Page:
Outgoing Agriculture Secretary Ann M. Veneman will become the new head of the United Nations Children's Fund, she announced. Her appointment as executive director of UNICEF will become official May 1.
Veneman, whose successor, Nebraska Gov. Mike Johanns, was expected to be confirmed by the Senate, had been tight-lipped about her future plans after she resigned as secretary but announced Jan. 18 she was taking the UN position.
She cited USDA's work in improving conditions around the world through development activities, direct food assistance such as Food for Peace and science and technology initiatives for increasing agricultural productivity as among her proudest accomplishments at USDA.
“I am pleased that my new role in leading UNICEF will provide opportunities to do even more, and I'm proud to join an organization with a nearly 60-year history of alleviating suffering and saving the lives of the most vulnerable,” she said in a farewell address to USDA employees.
“For me the work of the past four years is not ending. It is just taking another form. There will be new challenges and new faces, but there will continue to be common goals and opportunities to work with old friends.”
United Nations sources were quoted as saying Veneman was UN Secretary-General Kofi Annan's first choice to head the agency, which has more than 7,000 employees and offices in 150 countries. USDA, in contrast, has about 24,000 employees in nearly as many nations.
Hoped to stay
Veneman had indicated last fall she hoped to remain in her post of agriculture secretary as President Bush began his second term. But she submitted her resignation to Bush in November along with a number of other first-term cabinet members.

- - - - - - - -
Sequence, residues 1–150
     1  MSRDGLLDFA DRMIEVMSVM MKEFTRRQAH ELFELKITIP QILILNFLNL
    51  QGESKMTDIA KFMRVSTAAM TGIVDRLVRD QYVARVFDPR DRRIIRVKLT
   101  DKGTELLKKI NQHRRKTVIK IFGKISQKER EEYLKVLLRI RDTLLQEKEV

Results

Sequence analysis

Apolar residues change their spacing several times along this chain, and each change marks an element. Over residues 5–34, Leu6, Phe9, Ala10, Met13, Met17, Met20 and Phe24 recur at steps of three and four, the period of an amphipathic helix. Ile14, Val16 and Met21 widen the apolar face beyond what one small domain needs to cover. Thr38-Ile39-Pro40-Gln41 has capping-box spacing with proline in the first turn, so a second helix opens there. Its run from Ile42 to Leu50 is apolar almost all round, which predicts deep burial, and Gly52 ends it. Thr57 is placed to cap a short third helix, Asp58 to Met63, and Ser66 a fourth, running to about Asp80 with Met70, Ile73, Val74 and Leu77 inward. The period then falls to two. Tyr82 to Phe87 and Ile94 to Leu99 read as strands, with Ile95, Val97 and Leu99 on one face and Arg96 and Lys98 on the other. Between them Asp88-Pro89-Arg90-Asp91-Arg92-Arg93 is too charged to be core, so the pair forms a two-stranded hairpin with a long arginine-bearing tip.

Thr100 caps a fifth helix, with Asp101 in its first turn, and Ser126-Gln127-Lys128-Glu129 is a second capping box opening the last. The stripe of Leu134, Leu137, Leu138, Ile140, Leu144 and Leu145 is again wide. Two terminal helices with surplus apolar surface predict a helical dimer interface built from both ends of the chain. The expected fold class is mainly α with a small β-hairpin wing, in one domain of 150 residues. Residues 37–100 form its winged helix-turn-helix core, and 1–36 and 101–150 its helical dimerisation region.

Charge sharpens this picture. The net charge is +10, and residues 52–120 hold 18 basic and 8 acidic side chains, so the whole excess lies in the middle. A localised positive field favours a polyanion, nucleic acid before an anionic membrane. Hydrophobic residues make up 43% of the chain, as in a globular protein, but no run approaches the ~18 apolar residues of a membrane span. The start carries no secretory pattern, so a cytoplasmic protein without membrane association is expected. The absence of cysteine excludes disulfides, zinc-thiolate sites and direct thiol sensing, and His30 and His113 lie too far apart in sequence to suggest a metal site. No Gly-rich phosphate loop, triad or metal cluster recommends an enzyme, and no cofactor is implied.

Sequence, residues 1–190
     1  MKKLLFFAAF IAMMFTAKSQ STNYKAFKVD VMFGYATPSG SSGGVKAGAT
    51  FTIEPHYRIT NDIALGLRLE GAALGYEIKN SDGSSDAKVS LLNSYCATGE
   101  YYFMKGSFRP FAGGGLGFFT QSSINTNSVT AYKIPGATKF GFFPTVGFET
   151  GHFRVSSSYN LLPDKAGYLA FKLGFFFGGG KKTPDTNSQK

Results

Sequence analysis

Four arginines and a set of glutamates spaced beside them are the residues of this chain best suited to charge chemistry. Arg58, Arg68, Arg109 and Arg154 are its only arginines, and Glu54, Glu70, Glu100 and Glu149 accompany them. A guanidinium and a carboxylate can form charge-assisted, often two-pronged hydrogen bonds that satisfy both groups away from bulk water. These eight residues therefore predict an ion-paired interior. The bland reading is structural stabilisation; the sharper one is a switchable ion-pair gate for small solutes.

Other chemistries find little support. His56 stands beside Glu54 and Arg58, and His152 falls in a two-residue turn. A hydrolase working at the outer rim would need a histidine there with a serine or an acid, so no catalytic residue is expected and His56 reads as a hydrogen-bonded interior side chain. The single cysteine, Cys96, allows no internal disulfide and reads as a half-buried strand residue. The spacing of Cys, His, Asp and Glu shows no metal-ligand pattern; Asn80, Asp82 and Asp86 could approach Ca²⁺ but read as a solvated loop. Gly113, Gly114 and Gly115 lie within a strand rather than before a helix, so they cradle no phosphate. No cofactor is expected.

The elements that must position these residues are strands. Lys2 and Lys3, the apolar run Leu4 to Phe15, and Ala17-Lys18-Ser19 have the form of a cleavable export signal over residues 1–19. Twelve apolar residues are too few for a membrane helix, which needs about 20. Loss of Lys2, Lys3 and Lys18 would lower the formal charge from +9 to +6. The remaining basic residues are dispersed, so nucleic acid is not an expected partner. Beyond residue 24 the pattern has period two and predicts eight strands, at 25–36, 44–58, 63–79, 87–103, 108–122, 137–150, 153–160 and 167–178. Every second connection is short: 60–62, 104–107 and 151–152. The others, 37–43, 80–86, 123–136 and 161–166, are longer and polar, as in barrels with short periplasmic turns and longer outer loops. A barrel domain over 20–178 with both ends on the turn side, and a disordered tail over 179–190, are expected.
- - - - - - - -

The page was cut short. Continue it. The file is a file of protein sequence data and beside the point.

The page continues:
Bush subsequently nominated Johanns, citing his experience on his family's dairy operation. Johanns, an attorney, practiced law in Omaha before being elected to the state legislature and then as governor.
Veneman thanked USDA's employees for their government service during her remarks at the USDA Headquarters Building in Washington.
“Sometimes when we bounce like a pinball from one major issue to the next, our appreciation for everything that you do might go unspoken or unnoticed,” she said. “Our accomplishments are only possible because of the team behind them, and we have an outstanding team.
“I am always impressed at the ability of USDA, not just to adapt to change but to anticipate it. When new challenges emerge the resources of this department are mobilized on a dime. Over and over again when there is a crisis USDA is on the front lines — whether it is an outbreak of animal or plant diseases or a natural disaster like a forest fire, hurricanes or the recent tsunami.”